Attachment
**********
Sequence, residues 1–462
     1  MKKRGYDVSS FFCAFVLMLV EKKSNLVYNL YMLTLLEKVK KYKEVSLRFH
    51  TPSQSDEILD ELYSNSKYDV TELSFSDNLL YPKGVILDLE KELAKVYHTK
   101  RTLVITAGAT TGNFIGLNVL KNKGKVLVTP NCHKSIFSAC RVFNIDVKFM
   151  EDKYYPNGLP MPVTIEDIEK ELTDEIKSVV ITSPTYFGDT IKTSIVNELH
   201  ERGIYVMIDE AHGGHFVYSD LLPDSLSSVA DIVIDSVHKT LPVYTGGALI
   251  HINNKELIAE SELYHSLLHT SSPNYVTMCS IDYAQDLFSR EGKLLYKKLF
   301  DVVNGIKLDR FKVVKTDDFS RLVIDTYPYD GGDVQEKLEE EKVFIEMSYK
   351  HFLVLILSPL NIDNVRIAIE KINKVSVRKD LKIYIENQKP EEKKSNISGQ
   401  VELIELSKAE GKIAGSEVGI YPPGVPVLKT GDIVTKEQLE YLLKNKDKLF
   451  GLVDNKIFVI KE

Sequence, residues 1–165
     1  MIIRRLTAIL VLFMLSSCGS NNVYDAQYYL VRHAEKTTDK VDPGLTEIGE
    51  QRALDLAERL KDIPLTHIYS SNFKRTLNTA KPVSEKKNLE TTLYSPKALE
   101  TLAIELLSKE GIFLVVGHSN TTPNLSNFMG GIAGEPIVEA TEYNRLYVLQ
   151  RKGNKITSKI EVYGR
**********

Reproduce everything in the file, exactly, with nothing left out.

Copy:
Sequence, residues 1–462
     1  MKKRGYDVSS FFCAFVLMLV EKKSNLVYNL YMLTLLEKVK KYKEVSLRFH
    51  TPSQSDEILD ELYSNSKYDV TELSFSDNLL YPKGVILDLE KELAKVYHTK
   101  RTLVITAGAT TGNFIGLNVL KNKGKVLVTP NCHKSIFSAC RVFNIDVKFM
   151  EDKYYPNGLP MPVTIEDIEK ELTDEIKSVV ITSPTYFGDT IKTSIVNELH
   201  ERGIYVMIDE AHGGHFVYSD LLPDSLSSVA DIVIDSVHKT LPVYTGGALI
   251  HINNKELIAE SELYHSLLHT SSPNYVTMCS IDYAQDLFSR EGKLLYKKLF
   301  DVVNGIKLDR FKVVKTDDFS RLVIDTYPYD GGDVQEKLEE EKVFIEMSYK
   351  HFLVLILSPL NIDNVRIAIE KINKVSVRKD LKIYIENQKP EEKKSNISGQ
   401  VELIELSKAE GKIAGSEVGI YPPGVPVLKT GDIVTKEQLE YLLKNKDKLF
   451  GLVDNKIFVI KE

Sequence, residues 1–165
     1  MIIRRLTAIL VLFMLSSCGS NNVYDAQYYL VRHAEKTTDK VDPGLTEIGE
    51  QRALDLAERL KDIPLTHIYS SNFKRTLNTA KPVSEKKNLE TTLYSPKALE
   101  TLAIELLSKE GIFLVVGHSN TTPNLSNFMG GIAGEPIVEA TEYNRLYVLQ
   151  RKGNKITSKI EVYGR